Tag Archives: The Vegetarian (novel)

The Art of Translation

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How much freedom does a translator have when sculpting a literary work into another language?

That seems to be the burning question recently behind Deborah Smith’s “brilliant but flawed translation” of Han Kang’s Man Booker International  Prize-winning novel, The Vegetarian. Writing for The Los Angeles Times, Charse Yun’s article “How the Bestseller ‘The Vegetarian,’ Translated from Han Kang’s Original, Caused an Uproar in South Korea” points out how pundits are now revealing glaring errors, omissions and flat-out additions to Han Kang’s original Korean manuscript.

Justified? Necessary? Helpful for the average English reader?

Yes, says I.

If you’re familiar with older translations of Korean novels, then you’re also familiar with the all-too-familiar feeling of your eyes being gouged out by the words on the page; they’re unnatural, inconsistent, misleading, and confusing much of the time. The result is a hackneyed version of what is purported to be, in its original Korean version, “great” or “incredible” or “fantastic.”

For a closer look at the challenges faced by translators, check out this insightful look into the world of translating Japanese literature into English, specifically the works of Murakami Haruki. The three participants in this email “roundtable” were Philip Gabriel, Murakami translator and professor of Japanese literature at the University of Arizona in Tucson, Jay Rubin, Murakami translator and professor of Japanese literature at Harvard University, and Gary Fisketjon, an editor at Alfred A. Knopf.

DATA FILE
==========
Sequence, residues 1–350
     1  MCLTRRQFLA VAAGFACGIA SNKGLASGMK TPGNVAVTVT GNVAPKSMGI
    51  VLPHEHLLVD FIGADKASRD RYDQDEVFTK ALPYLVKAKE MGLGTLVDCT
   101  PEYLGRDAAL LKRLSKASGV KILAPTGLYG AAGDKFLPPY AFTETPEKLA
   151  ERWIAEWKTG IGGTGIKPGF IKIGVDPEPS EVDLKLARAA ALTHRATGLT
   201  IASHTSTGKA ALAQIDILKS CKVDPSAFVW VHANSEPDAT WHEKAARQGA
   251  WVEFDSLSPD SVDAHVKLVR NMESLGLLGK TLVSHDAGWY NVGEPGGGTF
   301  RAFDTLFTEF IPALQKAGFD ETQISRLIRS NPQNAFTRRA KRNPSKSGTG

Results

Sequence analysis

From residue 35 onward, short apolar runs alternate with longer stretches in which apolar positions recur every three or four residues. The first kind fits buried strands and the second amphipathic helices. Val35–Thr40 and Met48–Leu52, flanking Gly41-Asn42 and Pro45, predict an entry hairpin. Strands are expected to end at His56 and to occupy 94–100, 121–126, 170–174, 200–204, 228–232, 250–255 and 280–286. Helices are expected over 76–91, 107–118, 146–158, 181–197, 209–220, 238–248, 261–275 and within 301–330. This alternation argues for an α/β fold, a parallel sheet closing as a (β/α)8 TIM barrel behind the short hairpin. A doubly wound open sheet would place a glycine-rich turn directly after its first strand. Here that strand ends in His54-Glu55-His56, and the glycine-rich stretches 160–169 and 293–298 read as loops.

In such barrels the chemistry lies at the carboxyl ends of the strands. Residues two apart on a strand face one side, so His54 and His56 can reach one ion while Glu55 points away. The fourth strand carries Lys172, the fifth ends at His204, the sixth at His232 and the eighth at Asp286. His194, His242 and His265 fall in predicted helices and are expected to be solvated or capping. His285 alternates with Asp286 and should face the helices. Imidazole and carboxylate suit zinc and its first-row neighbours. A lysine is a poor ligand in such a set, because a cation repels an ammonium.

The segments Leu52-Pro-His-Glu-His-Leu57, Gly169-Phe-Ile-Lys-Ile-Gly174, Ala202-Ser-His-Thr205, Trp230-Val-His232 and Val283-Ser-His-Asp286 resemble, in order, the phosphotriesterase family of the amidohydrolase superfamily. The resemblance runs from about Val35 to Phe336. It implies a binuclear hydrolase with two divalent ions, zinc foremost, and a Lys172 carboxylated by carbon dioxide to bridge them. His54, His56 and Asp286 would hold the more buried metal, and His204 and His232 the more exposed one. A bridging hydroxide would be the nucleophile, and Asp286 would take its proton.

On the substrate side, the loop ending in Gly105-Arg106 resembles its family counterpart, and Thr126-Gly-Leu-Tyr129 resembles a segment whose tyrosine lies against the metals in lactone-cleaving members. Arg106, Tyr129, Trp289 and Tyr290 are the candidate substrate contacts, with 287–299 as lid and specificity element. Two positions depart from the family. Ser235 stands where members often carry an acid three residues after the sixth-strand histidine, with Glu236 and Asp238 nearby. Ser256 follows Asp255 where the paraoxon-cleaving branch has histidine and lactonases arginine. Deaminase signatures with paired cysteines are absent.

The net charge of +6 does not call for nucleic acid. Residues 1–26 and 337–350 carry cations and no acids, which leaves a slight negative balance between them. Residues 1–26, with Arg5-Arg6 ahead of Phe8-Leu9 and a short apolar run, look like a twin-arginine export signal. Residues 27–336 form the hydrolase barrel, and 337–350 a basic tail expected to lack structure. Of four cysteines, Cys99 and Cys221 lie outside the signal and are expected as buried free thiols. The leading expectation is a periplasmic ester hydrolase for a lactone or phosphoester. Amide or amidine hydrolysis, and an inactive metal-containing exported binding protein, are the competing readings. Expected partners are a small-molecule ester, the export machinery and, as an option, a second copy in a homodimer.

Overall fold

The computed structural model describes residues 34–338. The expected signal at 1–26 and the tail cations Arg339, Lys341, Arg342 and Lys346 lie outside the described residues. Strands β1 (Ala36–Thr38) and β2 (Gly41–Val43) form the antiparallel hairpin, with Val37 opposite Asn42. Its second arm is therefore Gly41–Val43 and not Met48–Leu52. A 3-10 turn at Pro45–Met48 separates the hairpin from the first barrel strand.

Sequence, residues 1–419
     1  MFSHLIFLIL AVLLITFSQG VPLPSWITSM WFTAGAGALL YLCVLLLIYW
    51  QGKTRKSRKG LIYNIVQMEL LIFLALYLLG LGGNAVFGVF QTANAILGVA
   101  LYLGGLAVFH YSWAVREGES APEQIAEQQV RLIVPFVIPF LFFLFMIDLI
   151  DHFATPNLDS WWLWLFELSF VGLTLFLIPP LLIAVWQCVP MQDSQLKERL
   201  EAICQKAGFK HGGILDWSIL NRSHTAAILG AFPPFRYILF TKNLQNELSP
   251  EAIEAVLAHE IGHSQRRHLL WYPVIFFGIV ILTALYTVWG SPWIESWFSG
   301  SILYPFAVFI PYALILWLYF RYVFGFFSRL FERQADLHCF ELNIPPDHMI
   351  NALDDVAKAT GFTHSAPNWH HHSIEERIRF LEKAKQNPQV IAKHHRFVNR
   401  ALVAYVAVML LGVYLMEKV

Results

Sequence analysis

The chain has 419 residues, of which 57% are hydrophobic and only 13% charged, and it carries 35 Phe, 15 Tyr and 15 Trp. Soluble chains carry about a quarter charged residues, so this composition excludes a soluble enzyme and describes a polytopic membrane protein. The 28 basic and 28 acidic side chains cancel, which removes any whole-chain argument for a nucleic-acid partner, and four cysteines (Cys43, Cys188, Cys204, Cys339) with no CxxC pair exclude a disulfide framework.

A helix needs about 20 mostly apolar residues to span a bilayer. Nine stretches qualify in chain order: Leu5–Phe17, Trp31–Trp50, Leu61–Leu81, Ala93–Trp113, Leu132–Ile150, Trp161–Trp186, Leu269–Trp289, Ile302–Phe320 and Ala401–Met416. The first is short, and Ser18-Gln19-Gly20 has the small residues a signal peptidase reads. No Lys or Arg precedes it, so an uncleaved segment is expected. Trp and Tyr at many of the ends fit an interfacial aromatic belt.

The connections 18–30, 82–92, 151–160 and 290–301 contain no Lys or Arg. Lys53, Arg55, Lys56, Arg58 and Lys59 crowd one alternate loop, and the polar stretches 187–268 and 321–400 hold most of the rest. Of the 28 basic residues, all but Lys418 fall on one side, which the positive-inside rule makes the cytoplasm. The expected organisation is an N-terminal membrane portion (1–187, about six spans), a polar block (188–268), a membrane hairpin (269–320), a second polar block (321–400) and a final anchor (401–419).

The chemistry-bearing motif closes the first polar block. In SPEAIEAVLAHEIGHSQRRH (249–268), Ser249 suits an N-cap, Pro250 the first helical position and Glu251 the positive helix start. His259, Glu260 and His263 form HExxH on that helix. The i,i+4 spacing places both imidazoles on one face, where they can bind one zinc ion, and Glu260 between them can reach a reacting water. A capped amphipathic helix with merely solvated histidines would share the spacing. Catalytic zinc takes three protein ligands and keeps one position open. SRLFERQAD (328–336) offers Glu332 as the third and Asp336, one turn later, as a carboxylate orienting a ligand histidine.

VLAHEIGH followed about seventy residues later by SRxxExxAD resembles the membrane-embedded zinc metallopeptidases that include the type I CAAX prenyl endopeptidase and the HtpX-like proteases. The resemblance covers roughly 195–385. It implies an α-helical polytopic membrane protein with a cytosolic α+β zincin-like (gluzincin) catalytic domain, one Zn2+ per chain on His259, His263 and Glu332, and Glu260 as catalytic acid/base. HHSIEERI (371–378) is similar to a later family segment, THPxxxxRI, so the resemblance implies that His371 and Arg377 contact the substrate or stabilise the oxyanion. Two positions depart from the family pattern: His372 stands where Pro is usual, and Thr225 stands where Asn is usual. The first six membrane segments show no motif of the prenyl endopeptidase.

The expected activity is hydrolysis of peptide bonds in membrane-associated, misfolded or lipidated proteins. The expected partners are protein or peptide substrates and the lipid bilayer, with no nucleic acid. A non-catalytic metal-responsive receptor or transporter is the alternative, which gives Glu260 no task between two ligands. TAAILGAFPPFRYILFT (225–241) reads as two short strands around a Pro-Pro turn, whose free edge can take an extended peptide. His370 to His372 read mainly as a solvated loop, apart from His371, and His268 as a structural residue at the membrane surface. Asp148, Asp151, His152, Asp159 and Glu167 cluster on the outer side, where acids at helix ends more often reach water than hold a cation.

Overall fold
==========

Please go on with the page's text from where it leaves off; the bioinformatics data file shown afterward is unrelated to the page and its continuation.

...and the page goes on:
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North Korea’s First Novel

Is fiction from North Korea…fictitious? Apparently not. Shhhhhhhh…don’t tell Sir Lord Viceroy Douchebag Kim Jong-un that his grandfather, Kim Il-sung, and his glorious revolution may not be portrayed all that, um, you know, gloriously? Viva la revolución! Er…만세!!!

Good on Toronto’s @HouseofAnansi publishing house for securing the Canadian rights to “The first piece of fiction to come out of North Korea.” The book, called The Accusation, was written by a North Korean under the pseudonym Bandi (Korean for “firefly”) and released yesterday, March 4, in Canada. Perhaps the most frightening part of whole story is that Bandi reportedly still lives in North Korea. Gulp.

Per House of Anansi’s website, here’s a summary of Bandi and his/her novel:

In 1989, a North Korean dissident writer, known to us only by the pseudonym Bandi, began to write a series of stories about life under Kim Il-sung’s totalitarian regime. Smuggled out of North Korea and set for publication around the world in 2017, The Accusation provides a unique and shocking window into this most secretive of countries.

Bandi’s profound, deeply moving, vividly characterized stories tell of ordinary men and women facing the terrible absurdity of daily life in North Korea: a factory supervisor caught between loyalty to an old friend and loyalty to the Party; a woman struggling to feed her husband through the great famine; the staunch Party man whose actor son reveals to him the theatre that is their reality; the mother raising her child in a world where the all-pervasive propaganda is the very stuff of childhood nightmare.

The Accusation is a heartbreaking portrayal of the realities of life in North Korea. It is also a reminder that humanity can sustain hope even in the most desperate of circumstances — and that the courage of free thought has a power far beyond those who seek to suppress it.

FYI, there is both a print version ($19.95) and a digital version ($16.95) available through House of Anansi’s website. Also FYI, the translator of The Accusation is none other than Deborah Smith, the same British woman who translated Han Kang‘s Man Booker International Prize-winning novel, The Vegetarian.

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